That McKinsey Report commissioned by New York City mayor Bloomberg forecasts that, unless the regulatory and legal framework changes in the Big Apple, 60,000 financial markets jobs could be at risk in the next 5 years. And some are now saying that, whatever they do in New York, they will never make up lost ground.
Don't marry for 'love' - just do it for money! That's the message for rich bankers who wish to protect their bonuses from ex-spouses.
Bloomberg reports that Morgan Stanley is playing down the recent loss of four senior investment bankers. Paulo Pereira, the firm's European head of M&A, is off to join former colleagues Joseph Perella and Terry Meguid at their investment banking boutique.
Todd Thomson, the head of Citigroup's wealth management businesses, was fired last week after CEO Chuck Prince allegedly became upset at the way he splashed the cash.
Despite seeing his 2006 compensation rise 30% to a mind-blowing $48m, Merrill Lynch boss Stan O'Neal wasn't the highest paid CEO on Wall Street last year.
Bloomberg reports that Barclays Capital is aiming for up to 20% growth. Speaking at The World Economic Forum in Davos, Switzerland, Barclays President (and BarCap CEO) Bob Diamond said that 'there is still 15 - 20% growth ahead'. And he mentioned that the firm would need to 'build on our position' in the US if it was to achieve its goals.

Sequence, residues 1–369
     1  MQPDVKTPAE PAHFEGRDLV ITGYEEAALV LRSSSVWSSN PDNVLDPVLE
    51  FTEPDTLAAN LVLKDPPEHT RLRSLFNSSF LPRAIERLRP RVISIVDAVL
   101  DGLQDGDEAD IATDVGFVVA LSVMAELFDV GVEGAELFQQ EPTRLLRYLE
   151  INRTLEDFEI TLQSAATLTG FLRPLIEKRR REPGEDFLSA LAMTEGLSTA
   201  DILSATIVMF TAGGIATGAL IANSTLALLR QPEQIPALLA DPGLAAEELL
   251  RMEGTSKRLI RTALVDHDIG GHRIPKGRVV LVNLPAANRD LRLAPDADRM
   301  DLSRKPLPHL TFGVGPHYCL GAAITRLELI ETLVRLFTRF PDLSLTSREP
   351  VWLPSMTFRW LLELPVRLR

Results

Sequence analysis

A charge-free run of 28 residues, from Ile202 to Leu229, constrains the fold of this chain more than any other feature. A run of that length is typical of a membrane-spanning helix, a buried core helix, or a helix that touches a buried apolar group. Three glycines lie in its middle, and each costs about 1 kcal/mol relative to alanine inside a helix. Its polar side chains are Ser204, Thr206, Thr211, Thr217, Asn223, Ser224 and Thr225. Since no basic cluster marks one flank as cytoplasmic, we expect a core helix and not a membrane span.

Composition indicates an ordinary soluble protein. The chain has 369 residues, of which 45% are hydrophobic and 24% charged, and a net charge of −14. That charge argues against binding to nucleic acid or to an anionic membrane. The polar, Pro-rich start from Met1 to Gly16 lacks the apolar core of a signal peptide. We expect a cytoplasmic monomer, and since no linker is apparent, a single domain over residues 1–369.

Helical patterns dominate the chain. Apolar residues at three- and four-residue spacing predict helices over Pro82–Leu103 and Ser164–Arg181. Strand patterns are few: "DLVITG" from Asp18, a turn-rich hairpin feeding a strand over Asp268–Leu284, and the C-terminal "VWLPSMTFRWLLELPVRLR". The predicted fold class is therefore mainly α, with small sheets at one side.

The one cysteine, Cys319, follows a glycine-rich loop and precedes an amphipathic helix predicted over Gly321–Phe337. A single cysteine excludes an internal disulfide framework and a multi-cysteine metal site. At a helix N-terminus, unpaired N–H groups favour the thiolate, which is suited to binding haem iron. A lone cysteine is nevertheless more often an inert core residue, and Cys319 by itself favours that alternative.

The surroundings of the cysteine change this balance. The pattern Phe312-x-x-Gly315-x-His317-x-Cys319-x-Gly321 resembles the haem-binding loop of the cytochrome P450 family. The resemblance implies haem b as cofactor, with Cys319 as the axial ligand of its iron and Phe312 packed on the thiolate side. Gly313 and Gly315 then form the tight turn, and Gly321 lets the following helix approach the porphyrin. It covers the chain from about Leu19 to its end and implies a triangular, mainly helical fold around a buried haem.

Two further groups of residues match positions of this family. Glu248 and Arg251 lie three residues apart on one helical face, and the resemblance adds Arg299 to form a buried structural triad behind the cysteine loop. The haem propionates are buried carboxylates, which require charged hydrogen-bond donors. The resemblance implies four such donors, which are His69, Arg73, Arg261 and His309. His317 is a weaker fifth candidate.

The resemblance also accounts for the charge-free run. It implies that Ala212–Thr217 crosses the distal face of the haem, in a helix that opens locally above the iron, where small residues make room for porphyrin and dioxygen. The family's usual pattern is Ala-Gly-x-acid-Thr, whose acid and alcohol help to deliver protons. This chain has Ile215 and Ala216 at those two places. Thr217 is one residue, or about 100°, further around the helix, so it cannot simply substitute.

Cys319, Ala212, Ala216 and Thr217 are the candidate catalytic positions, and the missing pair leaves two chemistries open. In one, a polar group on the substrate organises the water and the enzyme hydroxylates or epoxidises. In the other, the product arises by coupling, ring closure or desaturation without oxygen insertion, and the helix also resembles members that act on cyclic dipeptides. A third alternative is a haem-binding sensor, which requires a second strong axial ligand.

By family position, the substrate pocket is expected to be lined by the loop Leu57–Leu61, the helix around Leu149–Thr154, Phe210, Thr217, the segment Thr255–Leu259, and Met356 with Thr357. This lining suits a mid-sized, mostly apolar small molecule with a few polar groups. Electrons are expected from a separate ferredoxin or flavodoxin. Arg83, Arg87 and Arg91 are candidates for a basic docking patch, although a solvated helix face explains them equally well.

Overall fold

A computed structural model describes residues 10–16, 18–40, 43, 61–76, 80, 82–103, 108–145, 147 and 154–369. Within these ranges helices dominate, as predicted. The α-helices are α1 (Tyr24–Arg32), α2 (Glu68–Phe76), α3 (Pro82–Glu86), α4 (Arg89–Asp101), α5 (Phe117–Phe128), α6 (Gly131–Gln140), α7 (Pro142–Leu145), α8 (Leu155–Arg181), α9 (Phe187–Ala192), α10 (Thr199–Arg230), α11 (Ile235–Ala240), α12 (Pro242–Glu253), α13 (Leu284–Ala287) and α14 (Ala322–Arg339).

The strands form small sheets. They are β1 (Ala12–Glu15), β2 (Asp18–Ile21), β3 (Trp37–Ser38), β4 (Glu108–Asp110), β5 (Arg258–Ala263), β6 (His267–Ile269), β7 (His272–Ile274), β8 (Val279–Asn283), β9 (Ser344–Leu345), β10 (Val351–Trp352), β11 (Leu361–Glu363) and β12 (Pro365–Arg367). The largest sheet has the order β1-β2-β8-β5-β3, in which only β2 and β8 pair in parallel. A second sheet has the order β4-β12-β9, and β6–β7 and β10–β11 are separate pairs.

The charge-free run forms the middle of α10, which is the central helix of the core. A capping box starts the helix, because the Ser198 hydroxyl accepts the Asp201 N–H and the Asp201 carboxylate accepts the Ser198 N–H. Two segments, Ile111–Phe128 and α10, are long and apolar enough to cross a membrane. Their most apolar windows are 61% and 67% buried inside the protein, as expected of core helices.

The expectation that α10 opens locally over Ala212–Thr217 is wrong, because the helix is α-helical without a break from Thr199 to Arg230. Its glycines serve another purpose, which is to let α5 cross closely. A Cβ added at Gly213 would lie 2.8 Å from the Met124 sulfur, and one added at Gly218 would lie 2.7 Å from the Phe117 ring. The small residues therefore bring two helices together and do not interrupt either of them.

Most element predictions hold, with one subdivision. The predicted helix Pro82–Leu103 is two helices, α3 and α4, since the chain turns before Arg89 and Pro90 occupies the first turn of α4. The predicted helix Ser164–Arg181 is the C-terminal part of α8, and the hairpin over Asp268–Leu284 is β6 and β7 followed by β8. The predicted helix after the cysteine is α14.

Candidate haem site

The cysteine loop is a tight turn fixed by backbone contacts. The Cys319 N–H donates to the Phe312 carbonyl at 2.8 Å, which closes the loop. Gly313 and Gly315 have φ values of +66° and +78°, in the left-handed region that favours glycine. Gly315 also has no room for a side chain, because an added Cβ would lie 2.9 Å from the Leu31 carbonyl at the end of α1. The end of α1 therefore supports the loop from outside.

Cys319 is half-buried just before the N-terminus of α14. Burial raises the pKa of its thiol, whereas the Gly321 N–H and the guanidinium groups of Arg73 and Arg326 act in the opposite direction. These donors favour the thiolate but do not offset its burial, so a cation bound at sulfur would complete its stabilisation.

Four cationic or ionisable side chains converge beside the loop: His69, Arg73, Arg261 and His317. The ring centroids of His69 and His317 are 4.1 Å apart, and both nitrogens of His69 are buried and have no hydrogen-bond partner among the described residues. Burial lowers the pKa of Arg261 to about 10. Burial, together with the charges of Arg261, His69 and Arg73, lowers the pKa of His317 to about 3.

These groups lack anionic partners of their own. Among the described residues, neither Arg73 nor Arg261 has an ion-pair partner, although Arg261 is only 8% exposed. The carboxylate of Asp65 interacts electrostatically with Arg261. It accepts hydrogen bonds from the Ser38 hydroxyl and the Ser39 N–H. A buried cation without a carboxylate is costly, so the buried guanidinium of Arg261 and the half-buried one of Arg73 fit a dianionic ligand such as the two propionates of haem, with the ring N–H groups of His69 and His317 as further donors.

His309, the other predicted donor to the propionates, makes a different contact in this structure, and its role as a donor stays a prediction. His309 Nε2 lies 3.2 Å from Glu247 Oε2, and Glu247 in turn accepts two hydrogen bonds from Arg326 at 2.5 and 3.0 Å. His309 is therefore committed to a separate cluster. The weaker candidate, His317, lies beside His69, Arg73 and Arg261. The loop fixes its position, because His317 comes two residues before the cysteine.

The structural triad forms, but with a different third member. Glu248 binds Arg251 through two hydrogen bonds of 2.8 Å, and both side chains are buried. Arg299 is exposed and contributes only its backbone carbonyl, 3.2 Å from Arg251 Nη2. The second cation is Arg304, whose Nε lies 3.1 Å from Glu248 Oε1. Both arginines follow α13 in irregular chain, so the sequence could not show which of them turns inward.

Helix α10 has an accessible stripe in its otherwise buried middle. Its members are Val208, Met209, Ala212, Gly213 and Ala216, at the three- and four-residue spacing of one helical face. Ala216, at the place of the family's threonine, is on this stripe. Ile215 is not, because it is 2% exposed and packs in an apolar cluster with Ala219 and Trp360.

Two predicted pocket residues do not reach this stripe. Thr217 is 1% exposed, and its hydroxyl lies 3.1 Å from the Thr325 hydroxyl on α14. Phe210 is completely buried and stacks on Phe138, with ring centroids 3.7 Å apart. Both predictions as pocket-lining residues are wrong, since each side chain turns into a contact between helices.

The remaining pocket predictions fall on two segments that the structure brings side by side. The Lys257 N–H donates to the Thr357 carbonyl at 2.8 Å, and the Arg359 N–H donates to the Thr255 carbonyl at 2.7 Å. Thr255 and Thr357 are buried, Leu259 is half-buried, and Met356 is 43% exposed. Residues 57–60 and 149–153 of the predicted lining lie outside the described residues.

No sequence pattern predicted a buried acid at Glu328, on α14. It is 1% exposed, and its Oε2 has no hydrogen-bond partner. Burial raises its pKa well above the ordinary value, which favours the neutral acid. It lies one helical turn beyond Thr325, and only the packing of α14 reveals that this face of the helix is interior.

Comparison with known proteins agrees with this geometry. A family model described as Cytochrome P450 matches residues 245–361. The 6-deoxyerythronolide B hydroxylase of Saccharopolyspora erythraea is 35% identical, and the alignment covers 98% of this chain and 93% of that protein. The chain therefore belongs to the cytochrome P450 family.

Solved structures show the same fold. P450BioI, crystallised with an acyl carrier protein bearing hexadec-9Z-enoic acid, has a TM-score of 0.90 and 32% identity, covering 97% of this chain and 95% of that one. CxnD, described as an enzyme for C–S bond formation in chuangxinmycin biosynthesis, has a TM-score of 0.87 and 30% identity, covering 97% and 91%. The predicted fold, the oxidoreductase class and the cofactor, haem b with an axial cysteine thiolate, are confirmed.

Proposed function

There has been much uncertainty surrounding the employment status of agency workers in recent years. However, two recent EAT (Employment Appeals Tribunal) decisions should reassure end-users that they are still worth taking on in appropriate circumstances.
The graduate recruitment team of a well known US securities firm is said to been over at Oxford University fairly recently, on the make for good grad hires. As is usual in such circumstances, the firm took a senior banker along to bang the drum. He was apparently scheduled to give a 10 minute talk.
possibly Roger Jenkins, who heads up principal investments and private equity over at Barclays Capital.
Our friends across the pond have finally woken from their slumbers and realised that the continuing unfriendly business regulatory and legal environment in the US is likely to mean that New York becomes increasingly marginalized. A new report undertaken by McKinsey, estimates that, unless things change, The Big Apple could lose $25bn in cash flows and that up to 60,000 jobs in the financial markets could be lost there in the next 5 years.